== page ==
Lead to inspire

If our actions do not inspire people to make positive changes, then we are not leaders.  In my opinion , leadership is reserved for those who value inspiration as it relates to organizational improvement.  In my blogging hiatus from Harvey, I have been reminded of the importance of the concept of leading through inspiration.  We have heard leadership is not a position or title but rather a service to those in our care.  Can you imagine what we would be capable of accomplishing if we truly lived out this belief? Can you imagine the possibilities if we truly owned the success of others in our care like our own?

I vowed long ago to never subject anyone to a meeting that I conducted in which I did not plan for inspiration.  To plan for inspiration implies you know and have taken the time to recognize the emotional needs of your audience.  Secondly,  planning for inspiration implies, that based on these needs of your audience, you have taken time to reflect on their needs and carefully craft a plan that will resonate with them emotionally, provoking them to consider improvement or change based on the needs of those in their care.   Our personal “to do” lists as a leaders and what we need to accomplish must never trump the intentional planning for the needs of others.  As educators, lessons go awry when we forget we are teaching children, not subjects.  The same is true for leaders, if we fail to recognize we are leading people and not tasks, then we do NOT deserve the title of leader.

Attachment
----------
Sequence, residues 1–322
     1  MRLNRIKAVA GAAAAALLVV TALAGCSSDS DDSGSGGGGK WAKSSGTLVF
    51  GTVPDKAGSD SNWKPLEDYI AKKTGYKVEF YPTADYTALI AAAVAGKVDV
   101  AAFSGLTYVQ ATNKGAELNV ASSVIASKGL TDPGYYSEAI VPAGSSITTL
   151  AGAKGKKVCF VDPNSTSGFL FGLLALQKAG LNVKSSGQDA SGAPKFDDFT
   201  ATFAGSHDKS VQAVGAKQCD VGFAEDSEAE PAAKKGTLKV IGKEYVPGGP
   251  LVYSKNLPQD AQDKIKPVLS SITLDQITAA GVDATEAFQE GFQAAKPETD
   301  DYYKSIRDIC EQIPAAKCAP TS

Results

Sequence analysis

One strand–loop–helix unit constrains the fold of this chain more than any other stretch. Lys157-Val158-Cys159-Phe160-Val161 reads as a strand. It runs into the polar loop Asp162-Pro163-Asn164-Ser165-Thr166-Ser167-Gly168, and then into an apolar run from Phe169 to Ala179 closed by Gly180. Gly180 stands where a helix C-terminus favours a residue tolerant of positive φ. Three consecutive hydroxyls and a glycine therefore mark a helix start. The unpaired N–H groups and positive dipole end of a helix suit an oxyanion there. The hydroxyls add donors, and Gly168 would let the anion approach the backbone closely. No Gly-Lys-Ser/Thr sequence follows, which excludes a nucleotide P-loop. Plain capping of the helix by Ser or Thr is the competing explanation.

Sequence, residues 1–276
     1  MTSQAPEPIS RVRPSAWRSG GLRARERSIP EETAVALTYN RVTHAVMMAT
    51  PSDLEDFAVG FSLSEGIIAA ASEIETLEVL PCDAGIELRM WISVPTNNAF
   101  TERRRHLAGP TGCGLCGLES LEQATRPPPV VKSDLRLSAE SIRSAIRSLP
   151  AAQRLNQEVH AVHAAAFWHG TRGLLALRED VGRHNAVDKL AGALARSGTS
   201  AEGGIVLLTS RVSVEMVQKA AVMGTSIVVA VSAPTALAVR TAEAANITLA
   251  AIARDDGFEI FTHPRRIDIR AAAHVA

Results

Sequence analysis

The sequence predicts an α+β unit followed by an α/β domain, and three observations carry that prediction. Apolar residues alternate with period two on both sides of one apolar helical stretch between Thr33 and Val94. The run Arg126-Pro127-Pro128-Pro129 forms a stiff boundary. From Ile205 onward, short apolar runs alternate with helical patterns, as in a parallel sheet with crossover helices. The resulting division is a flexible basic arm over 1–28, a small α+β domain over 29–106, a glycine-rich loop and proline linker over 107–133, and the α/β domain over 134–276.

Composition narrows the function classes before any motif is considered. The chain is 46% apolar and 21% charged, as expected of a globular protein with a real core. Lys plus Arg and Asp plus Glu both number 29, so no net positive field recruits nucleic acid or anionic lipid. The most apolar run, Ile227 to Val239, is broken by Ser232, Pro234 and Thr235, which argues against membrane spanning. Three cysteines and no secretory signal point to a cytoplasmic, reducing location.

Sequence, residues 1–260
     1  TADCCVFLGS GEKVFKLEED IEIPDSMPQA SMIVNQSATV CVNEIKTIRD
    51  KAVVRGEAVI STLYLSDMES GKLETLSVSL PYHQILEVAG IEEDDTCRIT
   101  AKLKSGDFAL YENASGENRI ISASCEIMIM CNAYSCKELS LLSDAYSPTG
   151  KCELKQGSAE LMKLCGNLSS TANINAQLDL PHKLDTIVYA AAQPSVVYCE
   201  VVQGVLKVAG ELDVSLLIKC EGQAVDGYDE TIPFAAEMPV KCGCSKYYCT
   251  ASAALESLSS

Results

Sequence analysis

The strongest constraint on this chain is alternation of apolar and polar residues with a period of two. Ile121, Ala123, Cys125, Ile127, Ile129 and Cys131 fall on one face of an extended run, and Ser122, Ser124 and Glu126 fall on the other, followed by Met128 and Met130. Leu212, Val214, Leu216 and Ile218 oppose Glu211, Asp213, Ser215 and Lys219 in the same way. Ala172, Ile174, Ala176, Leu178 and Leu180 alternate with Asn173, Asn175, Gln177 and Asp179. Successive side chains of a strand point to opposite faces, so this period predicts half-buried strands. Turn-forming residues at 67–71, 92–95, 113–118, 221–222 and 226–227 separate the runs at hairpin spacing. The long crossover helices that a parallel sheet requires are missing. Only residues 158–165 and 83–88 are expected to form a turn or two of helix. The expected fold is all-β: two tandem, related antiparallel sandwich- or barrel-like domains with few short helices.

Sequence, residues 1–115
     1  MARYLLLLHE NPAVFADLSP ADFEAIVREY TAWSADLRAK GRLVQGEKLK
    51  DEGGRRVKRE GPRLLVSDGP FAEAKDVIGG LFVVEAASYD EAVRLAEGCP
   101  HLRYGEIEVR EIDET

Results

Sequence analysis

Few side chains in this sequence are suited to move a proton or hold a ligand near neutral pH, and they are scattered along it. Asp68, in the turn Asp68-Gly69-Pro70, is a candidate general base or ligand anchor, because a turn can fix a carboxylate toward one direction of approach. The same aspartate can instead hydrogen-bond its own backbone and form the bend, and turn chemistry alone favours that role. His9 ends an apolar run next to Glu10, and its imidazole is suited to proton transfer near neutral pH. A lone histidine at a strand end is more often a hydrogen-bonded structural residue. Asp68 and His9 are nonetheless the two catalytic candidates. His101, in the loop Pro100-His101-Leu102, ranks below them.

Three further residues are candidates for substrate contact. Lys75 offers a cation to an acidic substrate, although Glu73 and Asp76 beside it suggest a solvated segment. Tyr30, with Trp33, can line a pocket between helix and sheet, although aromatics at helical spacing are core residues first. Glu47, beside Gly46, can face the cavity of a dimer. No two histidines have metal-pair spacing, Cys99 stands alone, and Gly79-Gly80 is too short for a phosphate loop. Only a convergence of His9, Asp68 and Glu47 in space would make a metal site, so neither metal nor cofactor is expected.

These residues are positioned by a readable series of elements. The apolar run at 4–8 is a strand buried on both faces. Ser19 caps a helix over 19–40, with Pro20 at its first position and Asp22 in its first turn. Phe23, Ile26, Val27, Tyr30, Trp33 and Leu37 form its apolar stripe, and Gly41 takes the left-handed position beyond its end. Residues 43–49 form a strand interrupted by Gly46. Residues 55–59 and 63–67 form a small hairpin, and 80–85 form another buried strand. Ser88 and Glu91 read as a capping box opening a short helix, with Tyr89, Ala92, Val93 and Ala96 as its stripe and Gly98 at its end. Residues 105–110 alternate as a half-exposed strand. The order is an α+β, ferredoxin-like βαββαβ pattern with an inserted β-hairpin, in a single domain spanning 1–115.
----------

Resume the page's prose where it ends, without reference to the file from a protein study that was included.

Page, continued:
In my opinion, we are too easy on the so-called leaders in our lives.  Leadership shall be reserved for those who inspire those around them to be better version of themselves, those that recognize the importance of sacrificing  their own agendas to support the needs of those whom we serve, and to those who own the failures and successes of those on their team as their own.

The campus I serve is approaching its third week post hurricane Harvey.  Cement floors, visible sheet rock, and high emotions on behalf of our students and teachers have become common place sights and feelings at Brookside.  Hope, pride, and laughter are not as easy to come by as they were just three weeks ago when we clapped our students in on the red carpet for their first day of school.  As a principal, worry consumes me regarding the moments of lost instructional time, supplies, furniture, and former motivations of our staff and students which we spent so much time igniting and inspiring just a short time ago.  Leadership calls me to silence the worry and listen.  Listen and see the hidden hope and long-term lessons waiting to be told through this disaster.  Leadership calls me to remember my primary job is to inspire this community right where they are… in the arms of each other.

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